I think this is quite beautiful—no need to view source; the style sheet is already in the document.
Van11y (for Vanilla-Accessibility) is a collection of accessible scripts for rich interfaces elements, built using progressive enhancement and customisable.
Match up images that have been posted in pairs to Twitter with the caption “same energy”. This is more fun and addictive than it has any right to be.
The “Adjust CSS” slider on this delightful homepage is an effective (and cute) illustration of progressive enhancement in action.
A great presentation on taking a sensible approach to web development. Great advice, as always, from the blogging machine that is Chris Ferdinandi.
The web is a bloated, over-engineered mess. And, according to developer and educator Chris Ferdinandi, many of our modern “best practices” are actually making the web worse. In this talk, Chris explores The Lean Web, a set of principles for a simpler, faster world-wide web.
RFC 8890 maybe the closest thing we’ve got to a Hippocratic oath right now.
A community that agrees to principles that are informed by shared values can use them to navigate hard decisions.
Many discussions influenced this document, both inside and outside of the IETF and IAB. In particular, Edward Snowden’s comments regarding the priority of end users at IETF 93 and the HTML5 Priority of Constituencies were both influential.
So, why would you want to use a service worker? Here are some cool things you can do with it.
Chris lists some of the ways a service worker can enhance user experience.
What web development can learn from the Nintendo Game and Watch.
The Web now consists of an ever-growing number of different frameworks, methodologies, screen sizes, devices, browsers, and connection speeds. “Lateral thinking with withered technology” – progressively enhanced – might actually be an ideal philosophy for building accessible, performant, resilient, and original experiences for a wide audience of users on the Web.
This is an interesting project to try to rank web hosts by performance:
Real-world server response (Time to First Byte) latencies, as experienced by real-world users navigating the web.
A heartfelt look at progressive enhancement:
Some look at progressive enhancement like a thing from the past of which the old guard just can’t let go. But to me, progressive enhancement is the future of the Web. It is the basis for building resilient, performant, interoperable, secure, usable, accessible, and thus inclusive experiences. Not only for the Web of today but for the ever-growing complexity of an ever-changing and ever-evolving Web.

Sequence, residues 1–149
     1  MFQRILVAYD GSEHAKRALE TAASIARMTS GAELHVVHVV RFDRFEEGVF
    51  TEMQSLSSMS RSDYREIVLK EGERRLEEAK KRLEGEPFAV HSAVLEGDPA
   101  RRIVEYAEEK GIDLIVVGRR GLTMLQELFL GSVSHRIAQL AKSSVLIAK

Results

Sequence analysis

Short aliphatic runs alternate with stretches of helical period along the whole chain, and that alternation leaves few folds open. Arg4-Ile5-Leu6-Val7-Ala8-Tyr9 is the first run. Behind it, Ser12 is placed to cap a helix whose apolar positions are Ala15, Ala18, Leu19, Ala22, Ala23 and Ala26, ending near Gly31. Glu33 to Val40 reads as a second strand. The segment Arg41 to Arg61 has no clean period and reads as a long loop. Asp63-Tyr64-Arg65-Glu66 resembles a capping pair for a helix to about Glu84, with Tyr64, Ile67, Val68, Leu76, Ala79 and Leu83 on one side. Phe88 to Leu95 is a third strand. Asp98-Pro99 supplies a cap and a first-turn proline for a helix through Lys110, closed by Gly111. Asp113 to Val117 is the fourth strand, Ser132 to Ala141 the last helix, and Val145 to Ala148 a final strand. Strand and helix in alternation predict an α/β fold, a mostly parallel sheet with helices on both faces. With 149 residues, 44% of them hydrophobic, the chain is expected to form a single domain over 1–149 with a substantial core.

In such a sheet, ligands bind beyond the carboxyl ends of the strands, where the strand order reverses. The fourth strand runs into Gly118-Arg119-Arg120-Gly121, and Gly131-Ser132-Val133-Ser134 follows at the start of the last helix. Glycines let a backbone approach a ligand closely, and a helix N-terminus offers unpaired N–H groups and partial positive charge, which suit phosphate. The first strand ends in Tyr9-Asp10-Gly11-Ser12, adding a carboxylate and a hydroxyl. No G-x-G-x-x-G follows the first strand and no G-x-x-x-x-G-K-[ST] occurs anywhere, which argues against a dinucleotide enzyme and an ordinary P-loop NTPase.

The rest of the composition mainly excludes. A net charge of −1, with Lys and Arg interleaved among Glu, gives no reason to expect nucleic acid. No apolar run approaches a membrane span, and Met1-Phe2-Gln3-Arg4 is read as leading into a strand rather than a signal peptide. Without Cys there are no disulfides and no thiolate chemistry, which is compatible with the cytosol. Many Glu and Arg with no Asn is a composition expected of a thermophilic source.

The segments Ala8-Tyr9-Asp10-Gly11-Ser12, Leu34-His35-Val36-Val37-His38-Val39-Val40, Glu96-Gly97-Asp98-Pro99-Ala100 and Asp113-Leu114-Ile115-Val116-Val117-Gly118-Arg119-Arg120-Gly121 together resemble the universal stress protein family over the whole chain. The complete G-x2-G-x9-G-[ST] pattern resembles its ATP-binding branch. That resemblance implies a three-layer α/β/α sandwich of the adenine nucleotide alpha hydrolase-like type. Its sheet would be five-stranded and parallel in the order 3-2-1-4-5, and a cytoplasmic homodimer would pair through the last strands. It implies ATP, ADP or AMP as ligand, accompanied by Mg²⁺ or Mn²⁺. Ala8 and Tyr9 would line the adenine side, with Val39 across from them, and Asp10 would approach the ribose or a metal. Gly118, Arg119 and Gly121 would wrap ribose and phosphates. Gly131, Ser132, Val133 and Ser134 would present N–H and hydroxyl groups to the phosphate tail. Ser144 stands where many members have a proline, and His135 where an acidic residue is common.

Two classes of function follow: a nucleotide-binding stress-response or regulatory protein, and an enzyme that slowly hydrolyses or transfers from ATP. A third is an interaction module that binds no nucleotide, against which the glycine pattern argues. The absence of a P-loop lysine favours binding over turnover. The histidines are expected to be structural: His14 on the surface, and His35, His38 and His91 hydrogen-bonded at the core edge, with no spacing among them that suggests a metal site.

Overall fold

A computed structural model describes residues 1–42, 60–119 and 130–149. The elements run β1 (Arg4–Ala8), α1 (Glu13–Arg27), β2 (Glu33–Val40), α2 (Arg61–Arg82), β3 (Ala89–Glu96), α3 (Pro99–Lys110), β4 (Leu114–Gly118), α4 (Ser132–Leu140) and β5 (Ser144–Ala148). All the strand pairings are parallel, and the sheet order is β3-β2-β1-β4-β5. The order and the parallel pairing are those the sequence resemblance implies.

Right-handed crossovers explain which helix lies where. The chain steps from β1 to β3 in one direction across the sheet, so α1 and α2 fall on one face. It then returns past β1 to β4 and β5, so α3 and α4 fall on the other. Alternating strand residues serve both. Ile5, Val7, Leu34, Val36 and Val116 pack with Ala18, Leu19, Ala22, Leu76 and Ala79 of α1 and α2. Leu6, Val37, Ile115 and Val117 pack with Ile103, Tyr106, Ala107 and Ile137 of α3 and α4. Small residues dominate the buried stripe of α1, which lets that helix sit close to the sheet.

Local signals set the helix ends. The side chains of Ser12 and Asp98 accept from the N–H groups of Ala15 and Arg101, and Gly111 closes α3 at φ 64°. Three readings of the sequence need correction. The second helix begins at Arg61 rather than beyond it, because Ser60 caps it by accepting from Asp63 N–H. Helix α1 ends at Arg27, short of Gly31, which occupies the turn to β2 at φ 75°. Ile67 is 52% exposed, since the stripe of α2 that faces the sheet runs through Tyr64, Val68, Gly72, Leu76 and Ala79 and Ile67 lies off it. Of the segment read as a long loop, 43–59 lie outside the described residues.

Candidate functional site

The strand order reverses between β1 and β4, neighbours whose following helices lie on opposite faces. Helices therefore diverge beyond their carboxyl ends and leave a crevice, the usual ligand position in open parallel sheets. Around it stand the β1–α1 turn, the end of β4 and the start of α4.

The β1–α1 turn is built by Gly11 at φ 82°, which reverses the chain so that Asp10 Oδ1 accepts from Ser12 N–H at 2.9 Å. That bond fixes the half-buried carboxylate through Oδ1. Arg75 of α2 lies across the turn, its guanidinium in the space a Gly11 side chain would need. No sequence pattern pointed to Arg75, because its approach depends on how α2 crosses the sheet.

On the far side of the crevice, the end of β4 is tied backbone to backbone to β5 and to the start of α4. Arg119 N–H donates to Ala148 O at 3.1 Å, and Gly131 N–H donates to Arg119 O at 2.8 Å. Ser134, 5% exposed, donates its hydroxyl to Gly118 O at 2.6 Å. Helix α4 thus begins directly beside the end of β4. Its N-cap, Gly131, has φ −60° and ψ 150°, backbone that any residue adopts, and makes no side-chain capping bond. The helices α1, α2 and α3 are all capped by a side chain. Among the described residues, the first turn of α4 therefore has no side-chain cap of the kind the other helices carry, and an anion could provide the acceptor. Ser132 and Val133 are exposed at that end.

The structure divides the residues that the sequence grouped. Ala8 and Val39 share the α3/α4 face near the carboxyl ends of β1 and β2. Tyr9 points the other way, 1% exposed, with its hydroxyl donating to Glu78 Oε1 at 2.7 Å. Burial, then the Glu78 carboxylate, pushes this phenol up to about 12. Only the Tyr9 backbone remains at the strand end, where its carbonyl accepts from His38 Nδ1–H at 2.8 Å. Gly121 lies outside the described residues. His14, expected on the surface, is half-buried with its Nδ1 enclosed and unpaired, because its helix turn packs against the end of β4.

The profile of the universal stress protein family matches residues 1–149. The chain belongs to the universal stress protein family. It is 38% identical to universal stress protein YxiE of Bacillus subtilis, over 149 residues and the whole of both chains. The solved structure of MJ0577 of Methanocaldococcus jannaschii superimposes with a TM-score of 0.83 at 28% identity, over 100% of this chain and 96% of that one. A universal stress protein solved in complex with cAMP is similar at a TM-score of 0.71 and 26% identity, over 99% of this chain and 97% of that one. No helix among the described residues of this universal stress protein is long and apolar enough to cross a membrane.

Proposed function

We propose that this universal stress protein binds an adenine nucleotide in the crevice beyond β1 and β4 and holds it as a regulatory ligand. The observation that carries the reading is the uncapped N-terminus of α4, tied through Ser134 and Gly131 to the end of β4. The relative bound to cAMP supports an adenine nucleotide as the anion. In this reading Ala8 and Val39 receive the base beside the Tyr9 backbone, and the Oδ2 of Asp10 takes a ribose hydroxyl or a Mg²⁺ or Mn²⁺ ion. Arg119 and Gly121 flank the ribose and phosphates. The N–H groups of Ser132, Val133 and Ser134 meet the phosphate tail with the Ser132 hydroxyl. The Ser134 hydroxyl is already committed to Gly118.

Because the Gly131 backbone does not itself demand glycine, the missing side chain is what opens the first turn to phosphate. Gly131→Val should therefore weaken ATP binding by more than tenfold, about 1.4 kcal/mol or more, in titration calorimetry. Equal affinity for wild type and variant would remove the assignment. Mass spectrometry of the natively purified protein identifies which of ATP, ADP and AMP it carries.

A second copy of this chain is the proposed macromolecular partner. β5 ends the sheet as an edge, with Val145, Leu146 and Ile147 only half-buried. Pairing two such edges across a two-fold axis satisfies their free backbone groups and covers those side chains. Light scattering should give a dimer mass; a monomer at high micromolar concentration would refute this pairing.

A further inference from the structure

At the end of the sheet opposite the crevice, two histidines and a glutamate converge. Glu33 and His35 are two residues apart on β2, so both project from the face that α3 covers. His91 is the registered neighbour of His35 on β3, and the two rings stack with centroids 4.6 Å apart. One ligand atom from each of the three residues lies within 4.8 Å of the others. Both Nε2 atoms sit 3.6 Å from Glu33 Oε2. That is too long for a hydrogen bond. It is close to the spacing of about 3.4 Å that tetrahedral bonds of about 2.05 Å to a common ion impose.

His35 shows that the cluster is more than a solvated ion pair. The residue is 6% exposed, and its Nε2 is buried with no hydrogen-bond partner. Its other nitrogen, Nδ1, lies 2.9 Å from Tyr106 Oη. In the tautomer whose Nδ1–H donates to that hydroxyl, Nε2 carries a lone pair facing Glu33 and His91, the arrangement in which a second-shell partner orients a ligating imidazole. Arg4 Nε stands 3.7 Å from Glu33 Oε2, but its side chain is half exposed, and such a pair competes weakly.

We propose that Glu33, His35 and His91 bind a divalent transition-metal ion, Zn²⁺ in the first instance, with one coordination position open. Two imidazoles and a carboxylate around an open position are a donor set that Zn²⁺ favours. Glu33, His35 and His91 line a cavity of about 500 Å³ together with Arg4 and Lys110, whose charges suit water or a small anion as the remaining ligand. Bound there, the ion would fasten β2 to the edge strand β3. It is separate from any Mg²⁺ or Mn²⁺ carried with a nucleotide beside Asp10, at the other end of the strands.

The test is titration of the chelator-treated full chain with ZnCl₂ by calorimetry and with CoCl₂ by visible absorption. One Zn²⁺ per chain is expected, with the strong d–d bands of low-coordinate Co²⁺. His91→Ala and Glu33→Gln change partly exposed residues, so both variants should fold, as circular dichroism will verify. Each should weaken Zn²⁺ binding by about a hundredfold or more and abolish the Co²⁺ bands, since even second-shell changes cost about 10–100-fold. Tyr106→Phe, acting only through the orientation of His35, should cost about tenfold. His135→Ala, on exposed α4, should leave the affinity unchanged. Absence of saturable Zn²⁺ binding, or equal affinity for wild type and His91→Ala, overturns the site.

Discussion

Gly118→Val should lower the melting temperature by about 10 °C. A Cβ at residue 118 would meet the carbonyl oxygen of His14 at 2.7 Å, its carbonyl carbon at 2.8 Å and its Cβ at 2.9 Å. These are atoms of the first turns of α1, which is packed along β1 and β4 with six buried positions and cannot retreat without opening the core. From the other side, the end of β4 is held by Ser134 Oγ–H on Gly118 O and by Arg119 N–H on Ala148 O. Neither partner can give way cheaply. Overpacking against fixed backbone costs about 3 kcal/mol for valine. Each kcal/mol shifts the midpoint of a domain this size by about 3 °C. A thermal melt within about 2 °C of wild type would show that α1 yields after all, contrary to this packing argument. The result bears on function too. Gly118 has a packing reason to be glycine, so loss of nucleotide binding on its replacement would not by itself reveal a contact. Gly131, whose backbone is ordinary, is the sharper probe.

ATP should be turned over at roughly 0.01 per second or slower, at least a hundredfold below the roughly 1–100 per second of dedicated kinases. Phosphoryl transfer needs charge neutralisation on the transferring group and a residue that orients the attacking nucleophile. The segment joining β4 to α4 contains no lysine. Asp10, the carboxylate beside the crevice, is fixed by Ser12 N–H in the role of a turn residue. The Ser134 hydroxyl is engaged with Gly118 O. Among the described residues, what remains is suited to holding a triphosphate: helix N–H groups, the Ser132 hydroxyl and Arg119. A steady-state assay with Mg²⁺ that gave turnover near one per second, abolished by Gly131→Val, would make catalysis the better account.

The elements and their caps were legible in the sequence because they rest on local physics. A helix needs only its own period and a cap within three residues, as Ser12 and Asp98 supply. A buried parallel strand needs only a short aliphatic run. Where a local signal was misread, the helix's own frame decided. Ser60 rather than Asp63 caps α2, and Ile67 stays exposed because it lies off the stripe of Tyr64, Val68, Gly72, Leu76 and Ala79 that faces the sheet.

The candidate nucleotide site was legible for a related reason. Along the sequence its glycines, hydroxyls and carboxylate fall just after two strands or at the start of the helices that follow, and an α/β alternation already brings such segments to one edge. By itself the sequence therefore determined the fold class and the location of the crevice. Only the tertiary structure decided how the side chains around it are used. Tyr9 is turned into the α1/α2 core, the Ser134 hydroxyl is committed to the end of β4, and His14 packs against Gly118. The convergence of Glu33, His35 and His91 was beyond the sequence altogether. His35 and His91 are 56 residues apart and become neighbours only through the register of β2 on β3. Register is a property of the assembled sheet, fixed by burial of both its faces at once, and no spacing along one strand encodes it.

This is great! Ideas for allowing more styling of form controls. I agree with the goals 100% and I like the look of the proposed solutions too.
The team behind this are looking for feedback so be sure to share your thoughts (I’ll probably formulate mine into a blog post).
I’ve always been a fan of using the first few milliseconds of a user’s attention getting what I have to share with them — in front of them. Then worrying setting up the interaction layer while the user can start processing what they’re seeing.
What I love about the web is that it’s a hypertext. (Though in recent years it has mostly been used as a janky app delivery platform.)
I am very much enjoying Matt’s thoughts on linking, quoting, transclusion, and associative trails.
My blog is my laboratory workbench where I go through the ideas and paragraphs I’ve picked up along my way, and I twist them and turn them and I see if they fit together. I do that by narrating my way between them. And if they do fit, I try to add another piece, and then another. Writing a post is a process of experimental construction.
And then I follow the trail, and see where it takes me.
Amber documents a very handy bit of DOM scripting when it comes to debugging focus management:
Myself and Stuart had a chat with Brian about browser engine diversity.
Here’s the audio file if you’d like to huffduff it.
A really great one-page guide to HTML from Bruce. I like his performance-focused intro:
If your site is based on good HTML, it will load fast. Browsers incrementally render HTML—that is, they will display a partially downloaded web page to the user while the browser awaits the remaining files from the server.
Yet another clever technique from Lea. But I’m also bookmarking this one because of something she points out about custom properties:
The browser doesn’t know if your property value is valid until the variable is resolved, and by then it has already processed the cascade and has thrown away any potential fallbacks.
That explains an issue I was seeing recently! I couldn’t understand why an older browser wasn’t getting the fallback I had declared earlier in the CSS. Turns out that custom properties mess with that expectation.
I really, really like Andy’s approach here:
The focus of the methodology is utilising the power of CSS and the web platform as a whole, with some added controls and structures that help to keep things a bit more maintainable and predictable. The end-goal is shipping as little CSS as possible—leaning heavily into progressive enhancement and modern techniques.
If you use the cascade for everything, you’re going to run into trouble. But equally, micro-managing styles on every element will also get you into trouble. I think Andy’s found a really great sweet spot here that gets the balance just right.
CUBE CSS in essence, is a progressive enhancement approach, vs a fight against the grain of CSS or a pixel-pushing your project to within an inch of its life approach.
Yes! It feels very “webby” to me.